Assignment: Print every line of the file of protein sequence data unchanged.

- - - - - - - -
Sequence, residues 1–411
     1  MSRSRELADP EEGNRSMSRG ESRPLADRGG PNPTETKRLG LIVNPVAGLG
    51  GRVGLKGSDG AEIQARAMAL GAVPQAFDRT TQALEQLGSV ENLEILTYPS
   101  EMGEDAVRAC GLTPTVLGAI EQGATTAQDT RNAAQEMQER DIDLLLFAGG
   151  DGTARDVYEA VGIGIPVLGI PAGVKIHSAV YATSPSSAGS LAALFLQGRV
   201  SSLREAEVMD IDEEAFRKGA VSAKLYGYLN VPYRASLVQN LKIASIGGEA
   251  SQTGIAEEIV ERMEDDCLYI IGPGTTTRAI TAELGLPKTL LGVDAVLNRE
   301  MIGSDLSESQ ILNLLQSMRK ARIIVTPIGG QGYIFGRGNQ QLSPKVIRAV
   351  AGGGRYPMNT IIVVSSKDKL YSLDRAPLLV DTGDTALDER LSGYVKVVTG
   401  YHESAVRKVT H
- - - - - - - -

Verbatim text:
Sequence, residues 1–411
     1  MSRSRELADP EEGNRSMSRG ESRPLADRGG PNPTETKRLG LIVNPVAGLG
    51  GRVGLKGSDG AEIQARAMAL GAVPQAFDRT TQALEQLGSV ENLEILTYPS
   101  EMGEDAVRAC GLTPTVLGAI EQGATTAQDT RNAAQEMQER DIDLLLFAGG
   151  DGTARDVYEA VGIGIPVLGI PAGVKIHSAV YATSPSSAGS LAALFLQGRV
   201  SSLREAEVMD IDEEAFRKGA VSAKLYGYLN VPYRASLVQN LKIASIGGEA
   251  SQTGIAEEIV ERMEDDCLYI IGPGTTTRAI TAELGLPKTL LGVDAVLNRE
   301  MIGSDLSESQ ILNLLQSMRK ARIIVTPIGG QGYIFGRGNQ QLSPKVIRAV
   351  AGGGRYPMNT IIVVSSKDKL YSLDRAPLLV DTGDTALDER LSGYVKVVTG
   401  YHESAVRKVT H